In August this year, John Murphy released his Anonymous Rejected Filmscore. A soundtrack that was rejected and actually never used for the film it was written for. Nevertheless, these tracks found their way to their own album years later. John Murphy wrote about the release:
‘Ano’ is the soundtrack album based on a film score I had thrown out five or six years ago. And even though the score hit the cutting room floor, I always felt it was one of my better, more original efforts. In my head it became the ‘lost score’. The score without a film.
Recently I found some new bug in ssl-cert-check, my tool for checking the expiry dates of local and remote SSL certificates. The tool has worked fine for me over the years, but I used to have expiry dates that were very close to another, so I never noticed that it did not work for web servers using SNI to serve multiple domains with virtual hosts from the same IP address. I am sorry I did not think of this earlier. I fixed the bug now and in case you have such a setup, I encourage you to get the new release.
I also noticed it becomes cumbersome to maintain the updates with blog posts and downloads here. Therefore, ssl-cert-check is now on Github and I will continue to make releases from there.
After the HeartBleed bug in OpenSSL, a lot of SSL certificates must be considered compromised now. This means that a huge amount of SSL certificates needs to be reissued. The security scheme we are using relies on trust. You have to trust that the CA only signs certificates after verifying the requester and that nobody else knows the private key for the SSL certificate. CloudFlare demonstrated now that it really is possible to get the private key through this vulnerability. If you don’t trust your own SSL certificate any more because its private key has been compromised, you have to get a new one and revoke the old one.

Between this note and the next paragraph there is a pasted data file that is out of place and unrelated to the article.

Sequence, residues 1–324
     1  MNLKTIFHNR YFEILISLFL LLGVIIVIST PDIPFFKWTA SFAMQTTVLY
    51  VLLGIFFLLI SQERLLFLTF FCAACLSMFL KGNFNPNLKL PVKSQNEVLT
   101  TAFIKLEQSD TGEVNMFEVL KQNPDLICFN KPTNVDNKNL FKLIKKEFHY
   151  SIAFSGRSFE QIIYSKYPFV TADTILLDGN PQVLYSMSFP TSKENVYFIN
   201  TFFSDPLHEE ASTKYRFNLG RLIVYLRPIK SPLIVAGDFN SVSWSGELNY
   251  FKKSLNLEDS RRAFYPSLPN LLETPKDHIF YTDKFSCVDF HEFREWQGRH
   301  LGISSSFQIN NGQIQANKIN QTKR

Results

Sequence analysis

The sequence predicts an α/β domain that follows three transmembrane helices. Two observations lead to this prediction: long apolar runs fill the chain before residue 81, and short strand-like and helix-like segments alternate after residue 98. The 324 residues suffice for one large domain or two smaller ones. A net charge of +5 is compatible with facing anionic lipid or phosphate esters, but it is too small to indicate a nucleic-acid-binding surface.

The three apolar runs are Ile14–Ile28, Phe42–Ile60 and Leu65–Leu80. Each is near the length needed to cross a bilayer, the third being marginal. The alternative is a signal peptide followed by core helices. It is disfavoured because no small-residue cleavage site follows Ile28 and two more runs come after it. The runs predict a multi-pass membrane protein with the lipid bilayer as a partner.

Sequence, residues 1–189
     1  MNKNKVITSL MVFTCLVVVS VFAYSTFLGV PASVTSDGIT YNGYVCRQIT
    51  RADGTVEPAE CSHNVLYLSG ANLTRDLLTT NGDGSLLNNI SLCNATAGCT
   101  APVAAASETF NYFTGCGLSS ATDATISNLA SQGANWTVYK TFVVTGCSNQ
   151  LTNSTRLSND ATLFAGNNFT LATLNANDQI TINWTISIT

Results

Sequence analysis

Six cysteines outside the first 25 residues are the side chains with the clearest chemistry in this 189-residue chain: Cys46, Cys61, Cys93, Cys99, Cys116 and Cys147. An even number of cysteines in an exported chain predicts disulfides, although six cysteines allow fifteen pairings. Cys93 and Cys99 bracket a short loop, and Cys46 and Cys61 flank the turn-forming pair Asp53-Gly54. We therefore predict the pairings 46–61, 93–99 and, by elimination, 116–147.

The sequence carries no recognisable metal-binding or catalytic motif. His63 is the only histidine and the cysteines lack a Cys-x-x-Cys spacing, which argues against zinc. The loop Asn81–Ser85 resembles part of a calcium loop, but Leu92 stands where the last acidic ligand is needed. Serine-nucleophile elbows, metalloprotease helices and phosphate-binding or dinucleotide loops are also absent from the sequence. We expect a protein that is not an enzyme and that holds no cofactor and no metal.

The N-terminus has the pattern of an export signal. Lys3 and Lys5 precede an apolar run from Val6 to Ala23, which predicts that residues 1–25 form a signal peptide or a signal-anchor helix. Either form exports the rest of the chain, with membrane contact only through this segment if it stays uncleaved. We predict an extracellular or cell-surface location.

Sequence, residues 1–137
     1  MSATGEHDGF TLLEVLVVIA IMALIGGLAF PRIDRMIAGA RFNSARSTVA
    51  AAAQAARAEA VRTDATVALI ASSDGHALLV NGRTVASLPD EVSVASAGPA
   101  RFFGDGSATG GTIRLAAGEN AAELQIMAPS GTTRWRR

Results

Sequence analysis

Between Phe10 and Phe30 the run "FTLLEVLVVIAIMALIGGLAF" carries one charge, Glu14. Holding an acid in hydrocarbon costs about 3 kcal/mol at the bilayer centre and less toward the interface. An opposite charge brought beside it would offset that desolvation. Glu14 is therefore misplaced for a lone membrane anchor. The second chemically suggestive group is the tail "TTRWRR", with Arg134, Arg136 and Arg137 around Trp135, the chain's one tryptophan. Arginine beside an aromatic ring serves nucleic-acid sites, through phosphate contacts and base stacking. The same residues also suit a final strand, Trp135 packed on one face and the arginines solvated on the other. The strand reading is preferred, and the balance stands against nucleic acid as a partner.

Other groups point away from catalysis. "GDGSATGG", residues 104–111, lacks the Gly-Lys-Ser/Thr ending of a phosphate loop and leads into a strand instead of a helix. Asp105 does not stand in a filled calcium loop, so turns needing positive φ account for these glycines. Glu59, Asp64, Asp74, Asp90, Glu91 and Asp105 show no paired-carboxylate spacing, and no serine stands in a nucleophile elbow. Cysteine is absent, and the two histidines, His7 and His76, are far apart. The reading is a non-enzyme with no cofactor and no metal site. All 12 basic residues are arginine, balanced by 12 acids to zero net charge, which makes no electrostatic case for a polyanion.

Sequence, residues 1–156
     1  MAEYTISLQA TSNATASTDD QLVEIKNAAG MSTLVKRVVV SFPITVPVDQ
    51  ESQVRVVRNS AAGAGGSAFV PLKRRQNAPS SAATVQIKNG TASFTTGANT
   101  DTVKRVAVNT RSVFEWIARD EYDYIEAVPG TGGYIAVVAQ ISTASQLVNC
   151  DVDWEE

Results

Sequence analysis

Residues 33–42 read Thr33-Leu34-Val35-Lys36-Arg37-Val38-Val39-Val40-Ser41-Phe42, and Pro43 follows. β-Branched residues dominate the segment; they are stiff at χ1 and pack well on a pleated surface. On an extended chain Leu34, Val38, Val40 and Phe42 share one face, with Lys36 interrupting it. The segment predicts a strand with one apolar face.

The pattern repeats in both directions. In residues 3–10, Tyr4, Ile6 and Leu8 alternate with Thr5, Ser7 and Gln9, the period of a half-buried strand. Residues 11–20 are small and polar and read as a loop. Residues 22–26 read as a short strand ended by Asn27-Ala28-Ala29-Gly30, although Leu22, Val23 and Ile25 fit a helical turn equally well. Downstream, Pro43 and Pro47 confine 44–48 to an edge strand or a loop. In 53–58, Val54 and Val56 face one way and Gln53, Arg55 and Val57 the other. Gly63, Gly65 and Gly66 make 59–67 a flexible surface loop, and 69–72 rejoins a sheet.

Going through this process alone is bad enough already. However, many people I know and also myself are using free SSL certificates issued by StartSSL.
I always thought StartCom, the company behind the StartSSL brand, is doing the right thing by providing free SSL certificates. I trusted them because I thought they would advance the use of crypto on the internet by giving everyone access to SSL certificates in order to secure their personal web server, mail server, or anything else that uses SSL. Continue reading →
This LED bar is breadboard compatible and fits directly onto the board. I deliberately chose to make it a bit larger than it had to be, now taking 5 pin columns of space. This size allows to use it on either side of the breadboard, as the Vcc and GND bus strips are switched on the other side. I also decided to leave out two pins on the GND pin header to make it fit in more different positions on the board, which was necessary due to pin grouping. Besides that I had to solve alignment issues, as the pins on the GND strip and the rest are a little bit shifted. I had to use a little bit force by pushing it into its position and then solder it as it was plugged onto the breadboard.
Actually this was not only for the ATtiny9 thing, but I think this device will be helpful in the future in general. From now on I will always have some LEDs available for the breadboard without fiddling around with wires and resistors.
In June 2013 I attended a workshop on SMD soldering at the Gulaschprogrammiernacht 2013 (GPN13), a German hacker event organized by the regional CCC group in Karlsruhe. The result of a workshop organized by DrLuke was this small board with an ATtiny9 microcontroller and a 74HCT595 shift register.
The image shows my finished board with pin headers soldered. Later I changed the pin header for the 8 output pins again to make them point to the bottom. Now the board can easily be used on a breadboard for prototyping.